Did you know that antibiotic resistance could be the next pandemic we might have to deal with soon?
Well, the subject of antibiotic resistance being one of the biggest threats to global health and development has been discussed several times in the past. But its significance has never felt so imperative before. Given the pandemic, extensive use of antibiotics to fight secondary infections or a simultaneous bacterial infection, and significant spurt in self-medication, antibiotic resistance pattern has worsened. There is enough research that suggests our approach in treating Covid19 in hospitals could be accelerating this problem. Antibiotic resistance leads to more extended hospital stays, a higher financial burden, and an increased risk of death.
What’s more worrying is that an April 2021 WHO (World Health Organization) report revealed that none of the 43 antibiotics currently being developed “sufficiently address the problem of drug resistance” . If global Antimicrobial Resistance (AMR) goes unchecked, we will face a future where even minor infections could mean death. We may witness more than 10 million deaths due to AMR worldwide by 2050!
So, here is what we can do as patients and providers. We have already seen the rise of secondary infections and rare fungal infections such as Mucormycosis, Candidiasis, or Aspergillosis, taking a toll on patients with Covid19 during the second wave. Several studies attribute this to the injudicious use of steroids and other antibiotics. As we advance, we may see an increased incidence of drug-resistant TB and many such illnesses if we do not check on the appropriate use of antibiotics.
A big threat is the rise of self-medication habits among people. It is frequently noted as one of the major factors contributing to drug resistance. The WHO defines self-medication as “the selection and use of medicines by individuals to treat self-recognized illnesses or symptoms”. Moreover, lack of in-depth knowledge is another significant factor responsible for inappropriate antimicrobial use and hence the resistance.
Now, to address this issue, Fortis Hospital Mulund, Mumbai, conducted a study to understand the effect of adherence to protocols for COVID19 care and its link to a reduction in incidences of Mucormycosis. The study revealed that under strict protocol-driven use of steroids and nurse-driven tight control of glycemia, we can avoid the occurrence of Mucormycosis. The study also highlighted that the use of other immunomodulatory drugs in patients can be beneficial in preventing any secondary infections if kept very low. These kinds of initiatives are instrumental in finding ways by which we can reduce the burden of AMR. Just as a protocol-driven medication use resulted in a lower incidence of secondary infections among patients with Covid19, the same can be applied for antibiotic use. Like this, more and more healthcare providers urgently need to change the way steroids and antibiotics are prescribed and used.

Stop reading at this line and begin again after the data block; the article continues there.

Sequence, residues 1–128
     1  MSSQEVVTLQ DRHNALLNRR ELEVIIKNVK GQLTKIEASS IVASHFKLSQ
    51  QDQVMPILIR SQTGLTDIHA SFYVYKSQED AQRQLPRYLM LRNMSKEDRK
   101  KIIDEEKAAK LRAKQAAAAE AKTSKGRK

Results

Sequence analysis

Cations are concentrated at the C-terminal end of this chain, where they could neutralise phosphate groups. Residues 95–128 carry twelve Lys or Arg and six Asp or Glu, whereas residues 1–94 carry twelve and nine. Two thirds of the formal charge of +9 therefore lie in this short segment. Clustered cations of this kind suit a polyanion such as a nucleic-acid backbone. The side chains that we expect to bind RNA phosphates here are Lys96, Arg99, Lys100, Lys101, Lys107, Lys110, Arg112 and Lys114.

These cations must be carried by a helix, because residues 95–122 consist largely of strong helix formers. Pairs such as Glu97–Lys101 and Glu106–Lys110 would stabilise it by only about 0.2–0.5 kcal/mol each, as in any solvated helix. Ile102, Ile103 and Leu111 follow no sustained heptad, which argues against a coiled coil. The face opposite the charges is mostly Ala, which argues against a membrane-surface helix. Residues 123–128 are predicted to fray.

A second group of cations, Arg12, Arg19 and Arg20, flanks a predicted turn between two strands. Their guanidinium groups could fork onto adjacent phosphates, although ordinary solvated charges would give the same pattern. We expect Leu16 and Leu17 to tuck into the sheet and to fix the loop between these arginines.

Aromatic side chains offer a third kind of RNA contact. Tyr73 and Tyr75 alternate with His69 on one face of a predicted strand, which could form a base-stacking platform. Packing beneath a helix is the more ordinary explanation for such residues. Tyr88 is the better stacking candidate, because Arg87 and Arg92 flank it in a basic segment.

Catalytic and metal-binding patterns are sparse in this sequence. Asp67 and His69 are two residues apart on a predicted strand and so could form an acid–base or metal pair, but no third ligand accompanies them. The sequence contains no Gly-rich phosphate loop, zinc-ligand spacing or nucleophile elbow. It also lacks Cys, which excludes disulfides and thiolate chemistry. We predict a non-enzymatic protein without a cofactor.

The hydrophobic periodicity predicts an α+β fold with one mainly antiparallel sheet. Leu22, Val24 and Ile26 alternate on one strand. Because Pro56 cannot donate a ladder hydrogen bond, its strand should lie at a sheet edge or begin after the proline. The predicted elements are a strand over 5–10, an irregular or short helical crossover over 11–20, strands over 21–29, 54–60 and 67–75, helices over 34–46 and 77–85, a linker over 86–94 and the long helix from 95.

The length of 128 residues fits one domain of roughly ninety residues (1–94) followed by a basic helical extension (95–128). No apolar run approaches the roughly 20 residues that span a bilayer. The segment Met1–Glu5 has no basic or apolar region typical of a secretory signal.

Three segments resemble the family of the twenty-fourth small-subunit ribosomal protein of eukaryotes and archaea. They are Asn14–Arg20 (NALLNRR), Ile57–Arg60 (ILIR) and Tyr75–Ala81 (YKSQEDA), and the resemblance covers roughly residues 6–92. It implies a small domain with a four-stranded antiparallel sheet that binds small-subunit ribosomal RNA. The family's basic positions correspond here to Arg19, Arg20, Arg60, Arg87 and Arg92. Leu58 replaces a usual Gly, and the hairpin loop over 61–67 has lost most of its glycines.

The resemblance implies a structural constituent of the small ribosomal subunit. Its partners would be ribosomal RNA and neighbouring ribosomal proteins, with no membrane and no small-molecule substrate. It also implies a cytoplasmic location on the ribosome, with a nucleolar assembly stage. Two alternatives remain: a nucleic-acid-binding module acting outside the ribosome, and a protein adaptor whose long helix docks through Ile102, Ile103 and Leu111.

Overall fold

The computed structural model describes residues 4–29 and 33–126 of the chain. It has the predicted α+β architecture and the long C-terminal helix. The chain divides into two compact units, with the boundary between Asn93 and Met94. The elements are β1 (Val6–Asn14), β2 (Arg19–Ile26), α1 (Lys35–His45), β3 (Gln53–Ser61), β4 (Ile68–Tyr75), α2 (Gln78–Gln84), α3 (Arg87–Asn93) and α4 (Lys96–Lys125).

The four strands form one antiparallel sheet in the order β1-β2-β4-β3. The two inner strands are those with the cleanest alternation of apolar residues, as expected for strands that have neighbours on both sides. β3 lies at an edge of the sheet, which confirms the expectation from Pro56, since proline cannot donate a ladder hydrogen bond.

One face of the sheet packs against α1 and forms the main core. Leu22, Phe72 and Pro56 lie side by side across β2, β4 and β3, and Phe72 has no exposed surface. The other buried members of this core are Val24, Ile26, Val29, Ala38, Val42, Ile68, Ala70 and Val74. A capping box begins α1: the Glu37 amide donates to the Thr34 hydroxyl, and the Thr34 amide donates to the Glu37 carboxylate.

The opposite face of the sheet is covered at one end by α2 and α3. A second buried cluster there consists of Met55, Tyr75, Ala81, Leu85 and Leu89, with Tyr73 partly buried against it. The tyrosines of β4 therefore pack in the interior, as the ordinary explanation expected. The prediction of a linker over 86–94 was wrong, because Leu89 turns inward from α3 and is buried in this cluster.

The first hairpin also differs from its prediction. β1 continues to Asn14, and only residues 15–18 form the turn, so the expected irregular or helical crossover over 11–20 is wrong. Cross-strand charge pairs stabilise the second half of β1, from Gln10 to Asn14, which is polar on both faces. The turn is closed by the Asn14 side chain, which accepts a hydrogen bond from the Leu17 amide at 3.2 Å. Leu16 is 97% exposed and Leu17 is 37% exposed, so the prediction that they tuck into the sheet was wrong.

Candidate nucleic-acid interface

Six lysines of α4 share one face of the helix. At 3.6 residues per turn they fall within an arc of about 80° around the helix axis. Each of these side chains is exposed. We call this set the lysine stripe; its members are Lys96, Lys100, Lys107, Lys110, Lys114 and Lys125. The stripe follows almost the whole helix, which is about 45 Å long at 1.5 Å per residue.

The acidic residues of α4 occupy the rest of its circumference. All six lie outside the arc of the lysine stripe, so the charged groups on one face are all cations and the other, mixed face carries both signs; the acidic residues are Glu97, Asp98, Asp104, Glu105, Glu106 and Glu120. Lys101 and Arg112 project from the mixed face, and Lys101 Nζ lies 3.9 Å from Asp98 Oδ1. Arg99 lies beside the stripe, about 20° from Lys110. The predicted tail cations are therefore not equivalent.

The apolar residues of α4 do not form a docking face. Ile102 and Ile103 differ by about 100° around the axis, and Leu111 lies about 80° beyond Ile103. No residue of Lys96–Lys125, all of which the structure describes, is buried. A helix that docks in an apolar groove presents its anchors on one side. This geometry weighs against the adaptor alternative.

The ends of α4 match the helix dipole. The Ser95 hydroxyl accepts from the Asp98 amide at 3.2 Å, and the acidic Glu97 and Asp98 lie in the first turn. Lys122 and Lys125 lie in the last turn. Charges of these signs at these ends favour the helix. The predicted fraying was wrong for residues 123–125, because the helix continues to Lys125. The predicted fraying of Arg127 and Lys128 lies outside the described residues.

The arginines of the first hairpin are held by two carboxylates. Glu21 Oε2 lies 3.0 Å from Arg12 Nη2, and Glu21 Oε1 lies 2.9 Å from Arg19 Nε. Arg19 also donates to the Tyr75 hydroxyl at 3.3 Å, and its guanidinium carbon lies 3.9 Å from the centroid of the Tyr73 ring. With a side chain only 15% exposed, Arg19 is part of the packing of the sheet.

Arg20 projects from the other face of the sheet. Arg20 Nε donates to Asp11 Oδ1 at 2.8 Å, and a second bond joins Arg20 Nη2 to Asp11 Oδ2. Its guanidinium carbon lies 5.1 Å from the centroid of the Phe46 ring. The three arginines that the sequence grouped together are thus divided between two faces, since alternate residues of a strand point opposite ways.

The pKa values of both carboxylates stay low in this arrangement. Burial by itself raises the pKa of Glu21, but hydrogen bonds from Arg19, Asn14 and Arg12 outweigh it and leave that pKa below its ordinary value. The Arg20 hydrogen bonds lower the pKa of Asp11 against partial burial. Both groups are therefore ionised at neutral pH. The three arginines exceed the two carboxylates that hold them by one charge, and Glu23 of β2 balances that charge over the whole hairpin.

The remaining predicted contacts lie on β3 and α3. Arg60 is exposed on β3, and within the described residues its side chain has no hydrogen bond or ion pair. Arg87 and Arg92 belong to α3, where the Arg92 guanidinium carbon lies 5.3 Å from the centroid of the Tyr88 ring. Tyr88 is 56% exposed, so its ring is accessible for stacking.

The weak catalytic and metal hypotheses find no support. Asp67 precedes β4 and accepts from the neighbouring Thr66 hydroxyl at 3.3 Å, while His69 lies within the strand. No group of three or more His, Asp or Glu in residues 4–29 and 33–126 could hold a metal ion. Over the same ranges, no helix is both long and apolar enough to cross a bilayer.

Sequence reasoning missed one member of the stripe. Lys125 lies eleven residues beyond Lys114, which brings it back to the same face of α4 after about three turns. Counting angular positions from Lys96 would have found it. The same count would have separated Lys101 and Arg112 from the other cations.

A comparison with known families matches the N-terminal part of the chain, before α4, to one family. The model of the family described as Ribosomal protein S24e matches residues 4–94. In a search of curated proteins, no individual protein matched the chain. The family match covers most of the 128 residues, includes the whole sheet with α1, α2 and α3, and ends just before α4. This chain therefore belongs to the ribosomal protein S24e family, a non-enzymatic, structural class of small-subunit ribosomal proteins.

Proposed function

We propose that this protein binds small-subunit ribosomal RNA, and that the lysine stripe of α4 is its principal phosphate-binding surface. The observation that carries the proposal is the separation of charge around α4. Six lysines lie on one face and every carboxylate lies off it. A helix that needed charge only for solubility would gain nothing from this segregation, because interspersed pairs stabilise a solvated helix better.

Antibiotic Stewardship Programs
Antibiotic Stewardship Programs for doctors and all other healthcare practitioners can be one way to ensure appropriate use. Such programs are needed to help medical practitioners make the best clinical decisions while prescribing antibiotics. The stewardship is in the systemic effort to ensure effective treatment of infections. Through this AMRs can be controlled, as it also involves monitoring and advising on antibiotic prescriptions and use.
The other way to curb antibiotic resistance infections is when hospitals can effectively manage their waste generated. Some researchers believe that the waste could be better managed if hospitals switched to biodegradable – mainly bio-based – disposable products. These could then be sent to anaerobic digestion plants or composting facilities, creating a single, more environment-friendly waste stream.
In the end, the pandemic is demonstrating the true magnitude of the antibiotic resistance threat. It is time we take the right action. Even if new medicines develop, without behaviour change, antibiotic resistance will become the next big pandemic which will be hard to control. Behaviour changes must also include actions to reduce the spread of infections through judicious use of medicines, controlling self-medication, vaccination, hand washing, practising safer sex, and good food hygiene.
Dr Chandrashekhar is Head (Critical Care), Mumbai’s - Fortis Hiranandani Hospital and Dr Pandit is Director (Critical Care), Fortis Hospitals. Views are personal.